Dr Andy Piper recently joined the Push Technology team as Chief Technology Officer. Previously a Technical Director at Oracle Corporation, Andy has over 18 years experience working at the forefront of the technology industry. In his role at Oracle, Andy lead development for Oracle Complex Event Processing (OCEP) as well as driving global product strategy and innovation.

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Principles of Reliable Communication & Shared State

  1. 1. Copyright Push Technology 2014 Principles of Reliable Communication & Shared State What Can Go Wrong & Why You Should Care Dr Andy Piper – CTO, Push Technology andy@pushtechnology.com
  2. 2. InfoQ.com: News & Community Site • 750,000 unique visitors/month • Published in 4 languages (English, Chinese, Japanese and Brazilian Portuguese) • Post content from our QCon conferences • News 15-20 / week • Articles 3-4 / week • Presentations (videos) 12-15 / week • Interviews 2-3 / week • Books 1 / month Watch the video with slide synchronization on InfoQ.com! http://www.infoq.com/presentations /communicatoin-shared-state http://www.infoq.com/presentati ons/nasa-big-data http://www.infoq.com/presentati ons/nasa-big-data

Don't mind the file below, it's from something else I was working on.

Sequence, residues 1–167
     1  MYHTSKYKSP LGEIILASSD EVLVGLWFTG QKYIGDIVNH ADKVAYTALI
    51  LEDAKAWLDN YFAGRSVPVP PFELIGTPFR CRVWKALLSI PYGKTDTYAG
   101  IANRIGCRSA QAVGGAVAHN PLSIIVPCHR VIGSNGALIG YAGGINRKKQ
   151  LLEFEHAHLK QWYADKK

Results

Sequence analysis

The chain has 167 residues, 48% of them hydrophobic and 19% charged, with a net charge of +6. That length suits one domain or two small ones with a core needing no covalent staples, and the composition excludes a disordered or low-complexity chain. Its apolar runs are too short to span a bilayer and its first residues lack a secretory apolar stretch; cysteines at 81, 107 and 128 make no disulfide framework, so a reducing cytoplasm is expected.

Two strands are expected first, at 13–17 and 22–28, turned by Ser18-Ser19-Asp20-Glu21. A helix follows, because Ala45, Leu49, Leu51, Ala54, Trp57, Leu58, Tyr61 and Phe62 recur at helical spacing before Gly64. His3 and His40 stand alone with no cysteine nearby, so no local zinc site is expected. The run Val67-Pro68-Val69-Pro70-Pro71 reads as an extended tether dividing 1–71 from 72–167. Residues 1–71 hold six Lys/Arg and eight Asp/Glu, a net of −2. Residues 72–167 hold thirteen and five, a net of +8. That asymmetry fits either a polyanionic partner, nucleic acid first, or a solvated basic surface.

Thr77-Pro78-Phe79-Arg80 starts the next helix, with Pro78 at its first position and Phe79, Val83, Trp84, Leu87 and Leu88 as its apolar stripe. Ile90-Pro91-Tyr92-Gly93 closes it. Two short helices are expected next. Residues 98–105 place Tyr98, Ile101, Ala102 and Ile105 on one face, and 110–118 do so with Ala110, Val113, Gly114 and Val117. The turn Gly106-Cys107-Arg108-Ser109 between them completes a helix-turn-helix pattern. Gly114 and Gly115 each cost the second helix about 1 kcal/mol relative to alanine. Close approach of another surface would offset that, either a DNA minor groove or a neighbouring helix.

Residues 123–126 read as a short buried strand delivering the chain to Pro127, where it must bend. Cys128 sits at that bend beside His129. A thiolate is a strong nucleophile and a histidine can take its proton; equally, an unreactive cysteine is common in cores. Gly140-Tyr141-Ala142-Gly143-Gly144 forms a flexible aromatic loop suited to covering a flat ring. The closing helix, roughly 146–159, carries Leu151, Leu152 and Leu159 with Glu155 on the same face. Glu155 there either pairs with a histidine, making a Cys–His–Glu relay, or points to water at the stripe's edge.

3. 3. Presented at QCon London www.qconlondon.com Purpose of QCon - to empower software development by facilitating the spread of knowledge and innovation Strategy - practitioner-driven conference designed for YOU: influencers of change and innovation in your teams - speakers and topics driving the evolution and innovation - connecting and catalyzing the influencers and innovators Highlights - attended by more than 12,000 delegates since 2007 - held in 9 cities worldwide